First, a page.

—The old movie, from 1968? There was the Apollo space mission the next year too, did that influence you too?
Kojima: I watched it in real-time. I told my son, “You’ve got to go to space! Don’t miss your chance like I did!” He wants to make a space movie, that’s his dream… well, I guess I’m the one who planted the dream in his head. (laughs) I said to him, “Going to space to film a movie, sounds great! That’s two dreams for the price of one!”
—Going into space would be high on the list for any director, I imagine.
Kojima: I would like to go. Not to Mars, but to the surface of the moon. Just getting out of Earth’s orbit, and seeing our Earth from up there… I could die happy. Seriously, I wouldn’t care if I couldn’t come back.
After my astronaut phase, the next dream I had as a kid was to work in animal conservation. Long ago there was this old Japanese TV program called “Yasei no Oukoku” (Wild Kingdom) that my Dad loved. All he ever watched was nature and wildlife documentaries like that. In that show, there was this gruff old Tarzan-looking dude who would do stuff like wade into a swamp and catch an anaconda with his bare hands, then take the animal back to a conservation center. It was pretty ridiculous but I thought it was extremely cool.
—They had programs like that back then, eh?
Kojima: I wanted to be a detective at some point too. In the Los Angeles homicide department.
—How did you end up joining Konami then?
Kojima: I had originally wanted to make movies. Putting aside for a moment whether I could become an actual director or not, I embarked on a series of experiments to see if making movies was something I could do for a living. I also loved books, so I thought if I could write a book and win a prize, maybe that could be turned into a movie, and so there was a period of time where I worked on writing stories too. Unfortunately (and this still true today), even if you go down the whole film school route, there’s no actual guarantee that you’ll be able to make movies… plus, the truth is I had also wanted to become an artist (painter) at that time too…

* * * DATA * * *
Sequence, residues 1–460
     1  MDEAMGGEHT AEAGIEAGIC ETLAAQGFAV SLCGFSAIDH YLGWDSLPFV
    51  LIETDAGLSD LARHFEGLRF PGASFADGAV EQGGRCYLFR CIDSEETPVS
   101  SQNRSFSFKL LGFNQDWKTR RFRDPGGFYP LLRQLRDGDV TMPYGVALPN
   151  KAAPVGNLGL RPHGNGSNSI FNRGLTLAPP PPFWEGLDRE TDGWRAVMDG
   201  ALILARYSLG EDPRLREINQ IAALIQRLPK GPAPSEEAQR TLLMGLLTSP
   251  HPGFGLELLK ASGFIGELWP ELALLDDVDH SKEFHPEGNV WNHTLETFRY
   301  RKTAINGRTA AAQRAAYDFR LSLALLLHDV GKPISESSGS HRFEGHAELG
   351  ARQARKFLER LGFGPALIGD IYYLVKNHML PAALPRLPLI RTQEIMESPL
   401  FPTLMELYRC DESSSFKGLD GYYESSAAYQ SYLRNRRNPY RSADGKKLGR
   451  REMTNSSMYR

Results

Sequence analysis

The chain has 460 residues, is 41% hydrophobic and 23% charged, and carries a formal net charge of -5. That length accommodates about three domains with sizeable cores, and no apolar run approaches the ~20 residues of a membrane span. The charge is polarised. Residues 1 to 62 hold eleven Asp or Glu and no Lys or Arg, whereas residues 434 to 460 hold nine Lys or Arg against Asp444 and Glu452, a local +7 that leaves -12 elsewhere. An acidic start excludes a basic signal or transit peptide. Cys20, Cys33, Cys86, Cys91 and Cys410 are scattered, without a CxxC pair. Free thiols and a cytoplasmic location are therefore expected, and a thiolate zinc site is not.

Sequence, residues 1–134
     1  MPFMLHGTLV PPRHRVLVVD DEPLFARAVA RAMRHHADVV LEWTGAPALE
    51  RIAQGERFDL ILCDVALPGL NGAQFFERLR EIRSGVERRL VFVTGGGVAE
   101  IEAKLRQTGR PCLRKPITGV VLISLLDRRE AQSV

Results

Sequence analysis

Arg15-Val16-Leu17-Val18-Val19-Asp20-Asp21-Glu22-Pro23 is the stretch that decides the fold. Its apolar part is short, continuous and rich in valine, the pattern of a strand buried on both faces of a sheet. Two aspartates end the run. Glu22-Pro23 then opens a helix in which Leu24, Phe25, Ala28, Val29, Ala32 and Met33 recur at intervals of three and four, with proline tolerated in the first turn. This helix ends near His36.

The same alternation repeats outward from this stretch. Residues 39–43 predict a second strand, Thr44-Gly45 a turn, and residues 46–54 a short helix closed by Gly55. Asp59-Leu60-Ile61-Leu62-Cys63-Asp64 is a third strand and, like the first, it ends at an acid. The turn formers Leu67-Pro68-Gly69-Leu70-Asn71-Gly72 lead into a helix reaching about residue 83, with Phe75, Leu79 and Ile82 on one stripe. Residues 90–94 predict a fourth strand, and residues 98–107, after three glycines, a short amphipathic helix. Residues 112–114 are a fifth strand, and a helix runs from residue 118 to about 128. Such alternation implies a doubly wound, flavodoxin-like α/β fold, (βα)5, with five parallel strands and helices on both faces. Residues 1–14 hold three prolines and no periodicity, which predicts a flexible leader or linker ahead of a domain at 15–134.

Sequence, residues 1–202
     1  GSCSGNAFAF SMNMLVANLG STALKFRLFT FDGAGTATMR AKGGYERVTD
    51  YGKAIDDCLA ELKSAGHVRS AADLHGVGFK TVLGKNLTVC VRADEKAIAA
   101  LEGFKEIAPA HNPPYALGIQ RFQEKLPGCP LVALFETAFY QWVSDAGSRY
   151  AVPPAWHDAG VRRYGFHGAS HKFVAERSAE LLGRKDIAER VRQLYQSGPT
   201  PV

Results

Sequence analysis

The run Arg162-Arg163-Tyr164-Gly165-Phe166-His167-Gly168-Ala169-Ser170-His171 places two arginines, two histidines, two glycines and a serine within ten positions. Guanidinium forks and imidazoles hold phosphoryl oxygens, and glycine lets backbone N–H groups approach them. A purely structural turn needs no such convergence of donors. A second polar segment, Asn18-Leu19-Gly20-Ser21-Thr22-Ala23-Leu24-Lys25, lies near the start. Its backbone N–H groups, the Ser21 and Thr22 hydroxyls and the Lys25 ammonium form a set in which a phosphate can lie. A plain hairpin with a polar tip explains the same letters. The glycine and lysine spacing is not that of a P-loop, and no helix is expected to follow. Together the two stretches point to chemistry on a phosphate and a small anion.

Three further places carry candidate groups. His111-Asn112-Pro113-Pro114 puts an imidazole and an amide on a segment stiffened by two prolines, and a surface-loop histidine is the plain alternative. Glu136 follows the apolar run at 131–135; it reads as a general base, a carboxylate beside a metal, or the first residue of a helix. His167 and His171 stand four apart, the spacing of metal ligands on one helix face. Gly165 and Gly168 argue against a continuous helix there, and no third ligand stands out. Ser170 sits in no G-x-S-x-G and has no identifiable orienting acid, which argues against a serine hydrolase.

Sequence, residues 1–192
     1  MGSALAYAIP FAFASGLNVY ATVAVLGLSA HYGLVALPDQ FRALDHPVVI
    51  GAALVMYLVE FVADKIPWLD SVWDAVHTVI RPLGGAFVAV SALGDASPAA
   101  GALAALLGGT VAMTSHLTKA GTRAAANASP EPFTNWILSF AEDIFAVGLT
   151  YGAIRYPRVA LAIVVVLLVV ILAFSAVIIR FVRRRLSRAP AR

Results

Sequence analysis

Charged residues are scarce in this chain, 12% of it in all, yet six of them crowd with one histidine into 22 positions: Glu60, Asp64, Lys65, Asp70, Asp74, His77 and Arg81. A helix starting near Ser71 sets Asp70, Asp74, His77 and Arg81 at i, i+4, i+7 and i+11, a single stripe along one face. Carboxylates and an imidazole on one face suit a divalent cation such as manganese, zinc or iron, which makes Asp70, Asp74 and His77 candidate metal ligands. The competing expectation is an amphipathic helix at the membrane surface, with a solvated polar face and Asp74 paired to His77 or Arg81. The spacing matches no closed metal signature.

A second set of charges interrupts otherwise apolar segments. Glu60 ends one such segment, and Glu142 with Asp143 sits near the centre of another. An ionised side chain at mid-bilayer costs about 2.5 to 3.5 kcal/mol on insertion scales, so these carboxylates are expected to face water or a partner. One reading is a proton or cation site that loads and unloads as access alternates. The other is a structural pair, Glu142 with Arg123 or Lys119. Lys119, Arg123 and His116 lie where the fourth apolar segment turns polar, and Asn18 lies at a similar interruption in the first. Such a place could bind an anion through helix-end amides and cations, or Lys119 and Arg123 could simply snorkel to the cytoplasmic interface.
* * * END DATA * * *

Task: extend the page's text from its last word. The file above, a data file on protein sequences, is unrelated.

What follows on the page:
—What? An artist?
Kojima: There was a period, before my Father died, where I thought I’d become an artist, but my Father died very suddenly when I was 13. My family was full of artists, you see, and they hadn’t been able to make a living off of it. For that reason I decided to go to college (although I didn’t study for the entrance exams), and I spent 4 years kind of slacking off while I wrote short stories. I had a lot of free time then so I started going to the game center. They had Namco’s Xevious there, along with Konami’s Hyper Olympics (Track and Field) and something called Pooyan. “Wow, there’s a company out there that gives their games such on-the-nose names as Pooyan?”—that was how I learned of Konami’s existence.
Having spent time in the game centers, when the Famicom came out and you could play Xevious in your own home, it was like an absolute dream come true. To compare it to movies, it would be like having your own home theater. Through the Famicom I got into Super Mario Bros., and I also played The Portopia Serial Killer Murder Case. That was when I first started to realize, “You know, the world of games is actually really interesting too.”
After that I started looking for work, and I thought I’d visit the various game development companies I knew about. Every company I went to had a very youthful vibe—it was nothing but young people whose original dreams had failed for one reason or another. (laughs) I, too, had wanted to be a filmmaker. Others I met there were failed manga artists, or musicians whose bands had broken up. In spite of those setbacks, every one of them was still full of vim and vigor.
At that time, Konami’s main offices were located in Kobe, on Port Island. Thinking to myself “there’d be no better place to work than this!”, I joined up. Plus, for my generation at least, Port Island was a great dating spot. (laughs)
—Thank you for your time today!
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Something like, “you pull it out, it’s hot! on fire! they’re really burning now!” — it’s basically just a string of nonsense heat/fire words.↩